Caroline Mereness performs as Elsa in Premier Arts’ 2019 production of “Frozen Jr.”

Sometimes people look at Premier Arts’ Craig Gibson as if he has “four heads.”

The Elkhart-based theater group’s executive artistic director seems to know why.

“People think we’re nuts with this, because we’re basically doing the same show twice every day,” he said of the company’s pairing all-youth and main stage productions for simultaneous runs. “You have rehearsal early evening with the kids and later with the adults. It does make it harder on the creative team and the production team, you know, double costumes and all of that. But it’s kind of one of the things that makes us a little unique across the nation. It’s a big task. It’s one of those things where when you start doing it, it becomes your norm.”

Craig Gibson.jpg

Craig Gibson

Par for Premier Arts by that logic, its 2020 season includes nine shows: “Shrek The Musical” and “Shrek Jr.” (March 6-8), “The Sound of Music” (May 8-10), “Mamma Mia!” and “Moana Jr.” (July 10-12), “Little House on the Prairie” (Oct. 9-11), “Madagascar Jr.: A Musical Adventure” (date and location TBD), “Elf the Musical” and “Elf Jr.” (Dec. 11-13).

“It all boils down to play selection,” he said, estimating 95% of community theaters have committees working year-round to structure seasons. “… We don’t do that. I create the seasons and I do that for a strategic couple of reasons.”

Gibson explained his programming decisions hinge on a formula: make choices to promote a financially solvent operation, assess the talent pool to determine what can and can’t be realistically achieved, appeal to audience desires and review inventory of scenery, costumes and props for feasibility in executing a variety of shows.

Rehearsals are underway for both “Shrek” productions, with roughly 180 performers to take the stage after nearly 200 turned out for auditions. Behind the curtain, cast members and guardians help to create props, sets and costumes for five to 10 hours leading up to each show’s run.

“Shrek is in the warehouse cleaning the toilet, but he’s Shrek. It’s kind of an interesting thing that makes everyone feel really on the same footing,” he said. “That, I think, has been the best thing, especially for kids, who can get a little big for their britches sometimes when they get great opportunities. It kinda brings them right back to reality and says, ‘There’s a lot of work that goes into this. There’s a lot of unattractive work that goes into this, and you’re gonna be a part of that.’ Those are my favorite days, when we have huge work sessions at our warehouse. Everybody’s there — moms and dads and kids. It’s building and tearing apart and cleaning up; I think those are sometimes the memories they keep with them long after the show closes.”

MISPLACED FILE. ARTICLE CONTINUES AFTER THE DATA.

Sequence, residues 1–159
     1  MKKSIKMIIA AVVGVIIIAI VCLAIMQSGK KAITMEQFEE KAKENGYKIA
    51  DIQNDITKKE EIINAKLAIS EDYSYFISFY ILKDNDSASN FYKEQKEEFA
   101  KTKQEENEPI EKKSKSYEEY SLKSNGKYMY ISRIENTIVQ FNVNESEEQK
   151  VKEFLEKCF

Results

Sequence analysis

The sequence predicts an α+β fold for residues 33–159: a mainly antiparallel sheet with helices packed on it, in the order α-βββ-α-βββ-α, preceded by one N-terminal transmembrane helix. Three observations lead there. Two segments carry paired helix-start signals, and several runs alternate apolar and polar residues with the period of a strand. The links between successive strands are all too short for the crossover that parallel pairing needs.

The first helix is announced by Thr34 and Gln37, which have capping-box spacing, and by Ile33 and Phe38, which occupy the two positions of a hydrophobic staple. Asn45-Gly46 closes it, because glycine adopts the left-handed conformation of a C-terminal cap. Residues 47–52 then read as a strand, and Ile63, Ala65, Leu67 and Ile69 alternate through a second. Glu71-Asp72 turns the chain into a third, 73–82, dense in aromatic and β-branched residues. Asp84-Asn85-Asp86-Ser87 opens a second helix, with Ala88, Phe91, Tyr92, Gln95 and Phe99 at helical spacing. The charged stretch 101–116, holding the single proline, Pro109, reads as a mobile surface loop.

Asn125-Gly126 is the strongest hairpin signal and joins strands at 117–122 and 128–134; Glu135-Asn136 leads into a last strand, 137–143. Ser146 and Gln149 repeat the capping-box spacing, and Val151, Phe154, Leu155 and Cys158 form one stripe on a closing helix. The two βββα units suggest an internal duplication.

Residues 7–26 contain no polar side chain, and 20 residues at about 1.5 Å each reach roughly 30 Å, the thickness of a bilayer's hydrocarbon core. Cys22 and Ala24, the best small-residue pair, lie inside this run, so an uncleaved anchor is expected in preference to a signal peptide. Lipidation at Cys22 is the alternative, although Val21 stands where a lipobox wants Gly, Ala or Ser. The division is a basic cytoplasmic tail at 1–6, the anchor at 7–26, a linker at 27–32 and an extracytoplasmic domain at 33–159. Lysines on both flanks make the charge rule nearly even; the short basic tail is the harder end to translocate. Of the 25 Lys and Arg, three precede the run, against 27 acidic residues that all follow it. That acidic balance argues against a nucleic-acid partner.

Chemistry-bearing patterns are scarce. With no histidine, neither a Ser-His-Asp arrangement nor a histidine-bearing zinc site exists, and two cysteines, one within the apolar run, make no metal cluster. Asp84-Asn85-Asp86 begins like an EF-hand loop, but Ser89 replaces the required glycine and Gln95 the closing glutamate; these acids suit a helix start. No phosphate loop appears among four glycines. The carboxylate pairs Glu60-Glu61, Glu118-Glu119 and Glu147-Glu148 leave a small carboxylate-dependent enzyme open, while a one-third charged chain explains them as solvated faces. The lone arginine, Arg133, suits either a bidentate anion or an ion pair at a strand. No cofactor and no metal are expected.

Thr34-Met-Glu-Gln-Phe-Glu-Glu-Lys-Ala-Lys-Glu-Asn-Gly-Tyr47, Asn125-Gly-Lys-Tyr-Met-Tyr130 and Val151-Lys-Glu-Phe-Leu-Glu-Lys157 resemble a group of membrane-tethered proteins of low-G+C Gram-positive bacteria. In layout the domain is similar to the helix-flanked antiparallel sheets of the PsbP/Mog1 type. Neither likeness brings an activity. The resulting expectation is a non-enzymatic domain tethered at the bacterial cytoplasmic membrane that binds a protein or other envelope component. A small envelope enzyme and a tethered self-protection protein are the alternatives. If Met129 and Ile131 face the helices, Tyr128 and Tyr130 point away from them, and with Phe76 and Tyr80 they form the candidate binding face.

In the case of last year’s season, voters for Broadway World’s regional awards remembered performances enough to net the theater group two awards.

The Gibson-penned-and-directed “Goodnight & God Bless: The Red Skelton Story” pulled a Best Original Work award in the Indianapolis region (he’s still not exactly sure how), “The Hunchback of Notre Dame” won Best Musical and Falynn Sheppard’s performance as Esmeralda in “The Hunchback of Notre Dame” earned a Best Actress in a Musical win, both in the South Bend region.

“It’s always nice to be recognized. That’s kind of a peer thing,” he said. “They get nominated, and the people vote on it. That people take time to engage in that kind of thing and remember throughout the year — ‘Hunchback’ was back in May, so that’s a long time to keep that memory and fondness for something and to engage and put it out there and physically vote — that’s awesome.”

Gibson referred to Premier Arts more than once as a “family,” a brood of Broadway fans and creatives — young, old, some in between and nearly all capable of finding a seat at the table.

“Literally yesterday, I heard from four different people, ‘Oh, I’m not good enough to be in a Premier Arts show.’ And that simply isn’t true,” he said.

“There’s something for most people and a lot of different skill levels. We’re not all born knowing how to do things, so we have to learn. I’m hoping in 2020, we’re pushing the envelope on getting more new people in the door as far as shows. I’d encourage people to come out, strut their stuff and give it a try.”

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